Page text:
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Football: Rabbits won't be fooled again.

SCOTLAND can expect no favours from the Faroes when they go to those wind-swept islands in the Atlantic Ocean on Saturday, writes DAVID LEGGAT.

For the part-timers, who are the real country cousins of international football, have already been stitched-up by the city slickers.

And that led to them losing to group leaders the Czech Republic minutes from the end of what would have been their best ever result.

Faroes' team coach Allan Simeonsen recalled: "There wasn't long left and we had been holding the Czechs to no goals when one of their players went down injured.

"We kicked the ball out of play. But instead of the Czechs returning possession to us they attacked and scored the winning goal.

"It has all been part of the growing up process for the Faroes' players and over the last five years I have seen a constant and a big improvement."

Former Real Madrid star, European Footballer of the Year and Danish international ace Simeonsen has played his part in making the Faroes hard to beat - and ridding them of their joke tag.

That's something the Czechs learned and the Scots found out too at Pittodrie back in November.

Craig Burley and Billy Dodds netted but when the Faroes scored their first goal of this Euro 2000 campaign Craig Brown's boys were left hanging on nervously.

Simeonsen recalled: "I thought we did well against the Scots just as I thought we were organised and disciplined when we played our home match against the Czechs.

"When we lost our first game in the qualifying section 5-0 in Estonia there was a worry that we would become the team every country scored a lot against.

"But it hadn't worked out like that and even though we were beaten in Bosnia the score was only 1-0.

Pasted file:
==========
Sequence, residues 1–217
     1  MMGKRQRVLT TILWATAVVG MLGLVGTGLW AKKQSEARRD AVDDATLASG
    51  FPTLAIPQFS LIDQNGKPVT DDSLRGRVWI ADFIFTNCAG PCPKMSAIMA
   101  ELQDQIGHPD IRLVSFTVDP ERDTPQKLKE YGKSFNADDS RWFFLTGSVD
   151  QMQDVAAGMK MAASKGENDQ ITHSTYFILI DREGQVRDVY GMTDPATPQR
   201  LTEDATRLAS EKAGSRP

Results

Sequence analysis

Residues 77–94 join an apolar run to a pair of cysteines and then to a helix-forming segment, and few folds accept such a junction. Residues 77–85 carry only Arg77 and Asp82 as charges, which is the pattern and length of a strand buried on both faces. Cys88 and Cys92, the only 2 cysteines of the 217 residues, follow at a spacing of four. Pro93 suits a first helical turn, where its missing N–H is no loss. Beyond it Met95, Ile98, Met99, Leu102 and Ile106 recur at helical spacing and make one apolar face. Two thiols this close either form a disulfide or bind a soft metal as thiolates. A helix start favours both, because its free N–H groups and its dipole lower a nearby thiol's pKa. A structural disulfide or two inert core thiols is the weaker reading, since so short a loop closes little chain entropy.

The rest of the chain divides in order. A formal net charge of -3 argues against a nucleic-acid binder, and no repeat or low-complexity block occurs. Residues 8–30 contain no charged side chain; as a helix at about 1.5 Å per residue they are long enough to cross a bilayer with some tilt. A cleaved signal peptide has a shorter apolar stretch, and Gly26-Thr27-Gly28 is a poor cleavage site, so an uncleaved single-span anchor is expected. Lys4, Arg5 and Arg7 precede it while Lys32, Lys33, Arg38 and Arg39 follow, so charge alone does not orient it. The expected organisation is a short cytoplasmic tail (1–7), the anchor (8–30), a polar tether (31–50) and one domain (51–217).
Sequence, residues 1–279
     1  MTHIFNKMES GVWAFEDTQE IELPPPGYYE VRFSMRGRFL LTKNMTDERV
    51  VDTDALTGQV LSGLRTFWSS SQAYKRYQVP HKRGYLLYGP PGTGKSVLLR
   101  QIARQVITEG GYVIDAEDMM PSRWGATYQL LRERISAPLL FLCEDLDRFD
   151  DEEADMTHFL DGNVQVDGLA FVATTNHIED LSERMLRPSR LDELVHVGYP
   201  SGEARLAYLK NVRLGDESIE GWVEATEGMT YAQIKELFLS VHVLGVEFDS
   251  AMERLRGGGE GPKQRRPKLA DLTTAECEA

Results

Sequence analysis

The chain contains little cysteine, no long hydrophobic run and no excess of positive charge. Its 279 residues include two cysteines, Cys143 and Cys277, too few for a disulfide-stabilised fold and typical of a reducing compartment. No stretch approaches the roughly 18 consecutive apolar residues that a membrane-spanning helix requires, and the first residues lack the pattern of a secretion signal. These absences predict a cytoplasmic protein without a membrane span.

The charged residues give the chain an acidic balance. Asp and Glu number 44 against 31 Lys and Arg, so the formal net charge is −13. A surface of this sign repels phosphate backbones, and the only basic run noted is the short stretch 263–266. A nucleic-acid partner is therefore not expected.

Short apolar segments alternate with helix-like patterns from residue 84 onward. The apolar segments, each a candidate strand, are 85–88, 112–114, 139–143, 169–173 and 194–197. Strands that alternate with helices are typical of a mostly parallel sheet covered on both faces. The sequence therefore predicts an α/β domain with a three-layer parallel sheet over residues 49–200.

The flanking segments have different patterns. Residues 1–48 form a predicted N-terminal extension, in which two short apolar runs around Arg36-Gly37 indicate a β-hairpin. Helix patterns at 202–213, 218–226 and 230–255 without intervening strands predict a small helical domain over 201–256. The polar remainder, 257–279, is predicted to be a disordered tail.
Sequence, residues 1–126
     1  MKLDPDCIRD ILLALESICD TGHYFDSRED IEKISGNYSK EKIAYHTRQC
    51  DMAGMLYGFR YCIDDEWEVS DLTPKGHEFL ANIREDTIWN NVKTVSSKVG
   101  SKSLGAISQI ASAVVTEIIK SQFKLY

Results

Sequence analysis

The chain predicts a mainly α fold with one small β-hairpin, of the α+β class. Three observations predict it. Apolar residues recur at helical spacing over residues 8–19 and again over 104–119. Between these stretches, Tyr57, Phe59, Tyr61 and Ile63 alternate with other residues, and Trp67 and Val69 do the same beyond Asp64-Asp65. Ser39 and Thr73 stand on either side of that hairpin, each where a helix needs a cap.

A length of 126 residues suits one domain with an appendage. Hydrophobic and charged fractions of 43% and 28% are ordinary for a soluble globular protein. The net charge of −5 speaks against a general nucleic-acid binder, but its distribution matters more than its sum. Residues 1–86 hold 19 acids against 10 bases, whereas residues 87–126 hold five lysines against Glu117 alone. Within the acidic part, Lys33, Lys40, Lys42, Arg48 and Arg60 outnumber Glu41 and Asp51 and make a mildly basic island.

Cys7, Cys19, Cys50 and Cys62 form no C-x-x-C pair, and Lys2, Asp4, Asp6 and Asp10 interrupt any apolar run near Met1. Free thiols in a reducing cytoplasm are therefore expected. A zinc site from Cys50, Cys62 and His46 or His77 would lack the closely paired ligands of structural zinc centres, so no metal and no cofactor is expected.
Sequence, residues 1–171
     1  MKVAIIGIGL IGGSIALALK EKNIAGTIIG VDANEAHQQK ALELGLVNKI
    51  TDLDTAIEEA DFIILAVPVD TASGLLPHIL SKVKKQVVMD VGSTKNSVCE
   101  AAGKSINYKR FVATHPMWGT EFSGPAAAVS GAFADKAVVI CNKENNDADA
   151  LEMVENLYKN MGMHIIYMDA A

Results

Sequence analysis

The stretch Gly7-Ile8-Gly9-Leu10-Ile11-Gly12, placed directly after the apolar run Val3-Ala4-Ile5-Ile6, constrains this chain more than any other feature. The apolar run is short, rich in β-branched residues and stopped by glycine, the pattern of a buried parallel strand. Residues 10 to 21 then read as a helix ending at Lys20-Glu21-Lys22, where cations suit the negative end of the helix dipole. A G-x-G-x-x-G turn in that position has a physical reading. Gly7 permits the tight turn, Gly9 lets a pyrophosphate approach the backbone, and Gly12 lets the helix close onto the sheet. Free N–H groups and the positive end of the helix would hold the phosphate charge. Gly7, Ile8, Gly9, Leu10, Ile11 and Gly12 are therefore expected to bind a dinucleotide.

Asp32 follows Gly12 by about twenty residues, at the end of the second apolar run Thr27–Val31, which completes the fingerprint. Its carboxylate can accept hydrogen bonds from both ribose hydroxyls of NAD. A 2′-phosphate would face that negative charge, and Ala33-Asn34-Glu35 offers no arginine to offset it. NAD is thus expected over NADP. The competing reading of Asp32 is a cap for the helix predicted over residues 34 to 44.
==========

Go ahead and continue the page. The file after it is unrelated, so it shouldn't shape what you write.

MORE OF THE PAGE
"We then got a point in a goalless draw away in Lithuania and that looks an even better result for us when you remember it is the same scoreline Scotland got there."

For all of Simeonsen's pride in their improvement the Faroes are still no more than a bunch of butchers and bakers - with a sprinkling of fishermen rather than candlestick makers - who are part-time players.

But they, too, have a target in Group Nine. The Scots know that their realistic aim is to finish second and enter the play-offs, while the Faroes dream of avoiding the bottom berth in the section.

Simeonsen added: "The Faroes have gained a lot of confidence from some of our recent results and we will be trying to make it hard for Scotland.

"I respect them and know they have qualified for both the last European Championships and then the World Cup.

"They will show strength and the typical character of the British game which I admire, so we must concentrate right to the end."

And if any Scot goes down crocked near the end while the outcome is still in the balance, don't expect any Faroes' player to boot the ball into the Atlantic!
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Title Annotation:Sport
Publication:The People (London, England)
Date:May 30, 1999
Words:502
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